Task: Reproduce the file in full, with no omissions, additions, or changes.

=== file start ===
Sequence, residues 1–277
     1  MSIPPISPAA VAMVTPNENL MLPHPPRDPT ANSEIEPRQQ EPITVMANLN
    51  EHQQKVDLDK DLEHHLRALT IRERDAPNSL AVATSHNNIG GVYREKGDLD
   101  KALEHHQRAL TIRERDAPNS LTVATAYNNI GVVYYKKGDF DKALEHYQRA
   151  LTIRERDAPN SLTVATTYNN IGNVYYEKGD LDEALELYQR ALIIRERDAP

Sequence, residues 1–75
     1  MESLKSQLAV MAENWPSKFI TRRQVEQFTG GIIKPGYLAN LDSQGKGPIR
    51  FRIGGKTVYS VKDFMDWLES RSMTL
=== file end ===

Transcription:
Sequence, residues 1–277
     1  MSIPPISPAA VAMVTPNENL MLPHPPRDPT ANSEIEPRQQ EPITVMANLN
    51  EHQQKVDLDK DLEHHLRALT IRERDAPNSL AVATSHNNIG GVYREKGDLD
   101  KALEHHQRAL TIRERDAPNS LTVATAYNNI GVVYYKKGDF DKALEHYQRA
   151  LTIRERDAPN SLTVATTYNN IGNVYYEKGD LDEALELYQR ALIIRERDAP

Sequence, residues 1–75
     1  MESLKSQLAV MAENWPSKFI TRRQVEQFTG GIIKPGYLAN LDSQGKGPIR
    51  FRIGGKTVYS VKDFMDWLES RSMTL